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49 Cards in this Set

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Epiphany
Jan 6, last day of christmas,
commemoration of the coming of the Magi
epistrophe
repetition of a word or expression at the end of successive phrases, clauses, sentences, or verses especially for rhetorical or poetic effect (as Lincoln's "of the people, by the people, for the people"
alliteration
the repetition of usually initial consonant sounds in two or more neighboring words or syllables (as wild and woolly, threatening throngs)
Lent
the 40 weekdays from Ash Wednesday to Easter observed by the Roman Catholic, Eastern, and some Protestant churches as a period of penitence and fasting
Ash Wednesday
first day of lent
Holy Week
the week before Easter during which the last days of Christ's life are commemorated
-osis
action : process : condition
neur- neuro-
nerve <neural> <neurology>
osteopathy
a system of medical practice based on a theory that diseases are due chiefly to loss of structural integrity which can be restored by manipulation of the parts supplemented by therapeutic measures (as use of medicine or surgery)
polyglot
speaking or writing several languages
autodidact
a self-taught person
autocrat
a person (as a monarch) ruling with unlimited authority
aphorism
concise statement of a principle
decorum
1 : literary and dramatic propriety : FITNESS
2 : propriety and good taste in conduct or appearance
Freitags Pyramid
1. Exposition: setting the scene. The writer introduces the characters and setting, providing description and background.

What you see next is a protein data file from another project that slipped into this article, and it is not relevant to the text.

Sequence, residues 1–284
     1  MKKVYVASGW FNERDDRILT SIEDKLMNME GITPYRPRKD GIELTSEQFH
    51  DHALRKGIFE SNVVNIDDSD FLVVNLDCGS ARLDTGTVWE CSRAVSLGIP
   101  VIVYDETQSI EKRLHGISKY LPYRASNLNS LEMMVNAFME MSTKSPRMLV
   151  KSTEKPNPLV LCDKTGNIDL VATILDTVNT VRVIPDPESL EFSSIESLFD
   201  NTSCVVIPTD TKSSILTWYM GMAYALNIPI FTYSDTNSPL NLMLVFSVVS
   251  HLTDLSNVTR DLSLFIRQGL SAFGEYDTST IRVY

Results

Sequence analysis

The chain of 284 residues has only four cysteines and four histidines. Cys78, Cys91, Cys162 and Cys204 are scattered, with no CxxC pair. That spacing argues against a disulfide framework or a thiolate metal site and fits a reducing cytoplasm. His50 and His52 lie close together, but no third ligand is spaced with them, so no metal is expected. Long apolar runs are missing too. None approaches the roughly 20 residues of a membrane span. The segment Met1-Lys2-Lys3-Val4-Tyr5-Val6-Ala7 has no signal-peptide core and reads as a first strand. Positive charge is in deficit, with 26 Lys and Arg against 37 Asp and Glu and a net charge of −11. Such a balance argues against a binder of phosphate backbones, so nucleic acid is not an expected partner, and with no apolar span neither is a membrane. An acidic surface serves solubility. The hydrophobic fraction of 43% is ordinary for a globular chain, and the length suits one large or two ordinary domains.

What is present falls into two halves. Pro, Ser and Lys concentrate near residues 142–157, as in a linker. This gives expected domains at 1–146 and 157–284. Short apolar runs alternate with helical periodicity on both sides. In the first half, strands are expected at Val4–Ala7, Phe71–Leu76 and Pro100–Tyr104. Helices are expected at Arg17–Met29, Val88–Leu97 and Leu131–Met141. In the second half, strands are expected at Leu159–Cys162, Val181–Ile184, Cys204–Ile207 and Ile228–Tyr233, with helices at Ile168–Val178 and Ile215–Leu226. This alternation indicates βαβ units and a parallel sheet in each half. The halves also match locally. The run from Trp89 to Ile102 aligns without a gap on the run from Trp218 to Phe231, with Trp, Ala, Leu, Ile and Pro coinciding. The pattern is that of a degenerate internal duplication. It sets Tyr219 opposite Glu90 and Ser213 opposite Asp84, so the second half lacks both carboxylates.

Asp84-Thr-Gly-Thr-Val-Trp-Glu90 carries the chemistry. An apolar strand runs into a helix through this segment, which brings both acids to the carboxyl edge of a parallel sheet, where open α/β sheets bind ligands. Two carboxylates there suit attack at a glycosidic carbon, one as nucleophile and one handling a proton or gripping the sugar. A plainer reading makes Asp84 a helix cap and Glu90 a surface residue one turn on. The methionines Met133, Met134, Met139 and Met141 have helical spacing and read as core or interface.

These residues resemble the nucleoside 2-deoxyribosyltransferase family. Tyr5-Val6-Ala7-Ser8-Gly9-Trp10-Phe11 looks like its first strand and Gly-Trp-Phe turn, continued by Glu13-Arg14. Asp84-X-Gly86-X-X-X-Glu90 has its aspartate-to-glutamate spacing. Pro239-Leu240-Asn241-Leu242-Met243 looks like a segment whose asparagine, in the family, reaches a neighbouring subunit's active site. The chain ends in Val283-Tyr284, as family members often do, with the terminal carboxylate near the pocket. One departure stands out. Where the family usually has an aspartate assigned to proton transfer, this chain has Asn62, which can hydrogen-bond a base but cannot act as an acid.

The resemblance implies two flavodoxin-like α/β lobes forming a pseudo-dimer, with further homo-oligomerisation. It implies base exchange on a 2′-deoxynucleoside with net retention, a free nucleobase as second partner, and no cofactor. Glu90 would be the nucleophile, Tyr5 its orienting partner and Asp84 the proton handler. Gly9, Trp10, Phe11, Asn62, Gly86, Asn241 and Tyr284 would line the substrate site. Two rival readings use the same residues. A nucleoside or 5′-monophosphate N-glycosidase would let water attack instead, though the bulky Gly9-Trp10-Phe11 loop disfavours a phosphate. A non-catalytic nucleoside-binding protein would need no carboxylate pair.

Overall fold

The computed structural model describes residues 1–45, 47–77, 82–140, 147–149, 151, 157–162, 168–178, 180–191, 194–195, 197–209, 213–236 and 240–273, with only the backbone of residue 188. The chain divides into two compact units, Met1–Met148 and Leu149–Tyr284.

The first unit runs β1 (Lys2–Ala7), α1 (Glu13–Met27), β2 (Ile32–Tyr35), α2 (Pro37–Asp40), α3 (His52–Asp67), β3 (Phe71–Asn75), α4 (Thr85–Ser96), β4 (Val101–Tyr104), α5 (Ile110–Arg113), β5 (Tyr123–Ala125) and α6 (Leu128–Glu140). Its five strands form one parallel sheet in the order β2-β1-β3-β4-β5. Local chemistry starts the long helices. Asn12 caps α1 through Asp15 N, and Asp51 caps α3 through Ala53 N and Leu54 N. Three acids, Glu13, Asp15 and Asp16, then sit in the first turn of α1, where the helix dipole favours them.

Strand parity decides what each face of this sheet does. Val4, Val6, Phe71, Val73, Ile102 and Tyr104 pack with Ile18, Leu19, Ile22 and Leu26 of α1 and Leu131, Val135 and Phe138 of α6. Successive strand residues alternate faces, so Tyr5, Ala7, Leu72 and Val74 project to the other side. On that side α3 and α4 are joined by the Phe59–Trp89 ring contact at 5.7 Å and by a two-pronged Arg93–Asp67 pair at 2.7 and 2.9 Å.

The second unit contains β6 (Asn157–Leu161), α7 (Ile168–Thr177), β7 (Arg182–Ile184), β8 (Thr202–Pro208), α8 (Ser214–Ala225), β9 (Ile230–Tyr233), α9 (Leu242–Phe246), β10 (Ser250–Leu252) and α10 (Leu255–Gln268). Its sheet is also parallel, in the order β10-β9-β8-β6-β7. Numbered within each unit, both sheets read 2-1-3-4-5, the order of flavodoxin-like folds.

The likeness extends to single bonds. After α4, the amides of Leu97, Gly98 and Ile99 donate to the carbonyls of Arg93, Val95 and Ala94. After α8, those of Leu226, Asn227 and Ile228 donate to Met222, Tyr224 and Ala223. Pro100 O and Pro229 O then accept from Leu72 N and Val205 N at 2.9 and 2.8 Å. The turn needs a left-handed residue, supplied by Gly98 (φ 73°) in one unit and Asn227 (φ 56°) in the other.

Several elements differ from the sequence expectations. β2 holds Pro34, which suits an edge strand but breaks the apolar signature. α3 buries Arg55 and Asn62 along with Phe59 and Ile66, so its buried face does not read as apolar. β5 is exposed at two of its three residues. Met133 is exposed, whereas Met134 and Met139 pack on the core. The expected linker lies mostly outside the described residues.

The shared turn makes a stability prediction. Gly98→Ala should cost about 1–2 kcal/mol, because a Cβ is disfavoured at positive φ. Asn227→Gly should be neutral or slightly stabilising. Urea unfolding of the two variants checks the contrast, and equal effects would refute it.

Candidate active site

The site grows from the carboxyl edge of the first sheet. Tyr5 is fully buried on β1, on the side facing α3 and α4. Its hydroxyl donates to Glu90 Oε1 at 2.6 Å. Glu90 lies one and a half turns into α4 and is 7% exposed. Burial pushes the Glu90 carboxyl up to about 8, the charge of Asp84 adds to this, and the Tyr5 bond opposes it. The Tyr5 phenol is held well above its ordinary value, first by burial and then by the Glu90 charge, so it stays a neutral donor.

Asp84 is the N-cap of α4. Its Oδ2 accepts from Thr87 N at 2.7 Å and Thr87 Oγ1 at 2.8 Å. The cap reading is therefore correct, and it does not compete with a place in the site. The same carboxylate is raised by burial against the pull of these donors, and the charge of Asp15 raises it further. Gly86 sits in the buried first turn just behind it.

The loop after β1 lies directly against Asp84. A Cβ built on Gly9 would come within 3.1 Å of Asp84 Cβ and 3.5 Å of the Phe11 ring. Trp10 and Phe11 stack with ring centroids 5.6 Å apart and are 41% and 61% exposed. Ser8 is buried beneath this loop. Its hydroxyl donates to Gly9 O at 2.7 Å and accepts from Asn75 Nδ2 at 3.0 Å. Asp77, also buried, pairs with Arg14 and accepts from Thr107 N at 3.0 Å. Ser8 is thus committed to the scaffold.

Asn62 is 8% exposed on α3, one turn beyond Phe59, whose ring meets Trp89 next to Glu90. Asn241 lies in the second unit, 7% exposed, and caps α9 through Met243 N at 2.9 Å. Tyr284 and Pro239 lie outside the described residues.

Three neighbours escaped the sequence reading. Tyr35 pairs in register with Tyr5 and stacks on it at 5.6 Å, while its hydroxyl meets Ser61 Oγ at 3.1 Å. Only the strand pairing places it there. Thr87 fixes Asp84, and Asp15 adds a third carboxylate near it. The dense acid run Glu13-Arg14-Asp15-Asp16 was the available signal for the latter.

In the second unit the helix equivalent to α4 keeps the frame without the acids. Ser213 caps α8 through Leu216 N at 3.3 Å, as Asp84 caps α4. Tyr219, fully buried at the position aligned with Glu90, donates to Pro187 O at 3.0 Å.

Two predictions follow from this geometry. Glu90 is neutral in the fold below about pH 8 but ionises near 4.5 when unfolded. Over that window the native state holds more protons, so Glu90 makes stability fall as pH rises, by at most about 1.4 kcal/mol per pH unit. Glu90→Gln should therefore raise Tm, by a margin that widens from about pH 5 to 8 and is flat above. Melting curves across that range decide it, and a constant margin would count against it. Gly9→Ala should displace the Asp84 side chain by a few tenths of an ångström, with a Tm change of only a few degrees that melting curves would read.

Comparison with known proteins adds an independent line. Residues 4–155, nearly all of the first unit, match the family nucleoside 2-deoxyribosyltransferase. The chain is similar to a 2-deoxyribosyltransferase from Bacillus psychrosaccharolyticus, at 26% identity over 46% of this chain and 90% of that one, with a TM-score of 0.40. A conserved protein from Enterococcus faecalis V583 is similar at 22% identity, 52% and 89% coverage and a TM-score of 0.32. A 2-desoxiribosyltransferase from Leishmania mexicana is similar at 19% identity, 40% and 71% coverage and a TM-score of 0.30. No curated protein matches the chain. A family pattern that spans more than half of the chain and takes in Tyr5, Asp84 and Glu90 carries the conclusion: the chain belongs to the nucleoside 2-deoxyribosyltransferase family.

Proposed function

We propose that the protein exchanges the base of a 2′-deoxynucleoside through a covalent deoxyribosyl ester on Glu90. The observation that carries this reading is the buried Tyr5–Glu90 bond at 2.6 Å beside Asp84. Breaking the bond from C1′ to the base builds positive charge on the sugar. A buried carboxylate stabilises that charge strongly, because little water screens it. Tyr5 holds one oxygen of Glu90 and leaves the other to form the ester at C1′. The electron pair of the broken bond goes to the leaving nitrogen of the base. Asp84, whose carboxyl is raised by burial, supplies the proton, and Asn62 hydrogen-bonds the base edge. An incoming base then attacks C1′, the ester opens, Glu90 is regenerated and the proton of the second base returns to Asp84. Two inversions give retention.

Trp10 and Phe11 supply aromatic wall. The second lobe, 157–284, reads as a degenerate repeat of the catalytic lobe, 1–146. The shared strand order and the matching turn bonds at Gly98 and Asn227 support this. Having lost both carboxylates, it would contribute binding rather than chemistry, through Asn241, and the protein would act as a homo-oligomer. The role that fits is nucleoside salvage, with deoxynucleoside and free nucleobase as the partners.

2. Inciting Incident: something happens to begin the action. A single event usually signals the beginning of the main conflict. The inciting incident is sometimes called 'the complication'.

3. Rising Action: the story builds and gets more exciting.

4. Climax: the moment of greatest tension in a story. This is often the most exciting event. It is the event that the rising action builds up to and that the falling action follows.

5. Falling Action: events happen as a result of the climax and we know that the story will soon end.

6. Resolution: the character solves the main problem/conflict or someone solves it for him or her.
Exposition
setting the scene. The writer introduces the characters and setting, providing description and background.
Complication
something happens to begin the action. A single event usually signals the beginning of the main conflict.
Climax
the moment of greatest tension in a story.
Dénouement:
the ending. At this point, any remaining secrets, questions or mysteries which remain after the resolution are solved by the characters or explained by the author
aposiopesis
the leaving of a thought incomplete usually by a sudden breaking off
antithesis
the rhetorical contrast of ideas by means of parallel arrangements of words, clauses, or sentences (as in "action, not words" or "they promised freedom and provided slavery")
peri-
to pass through
enclosing : surrounding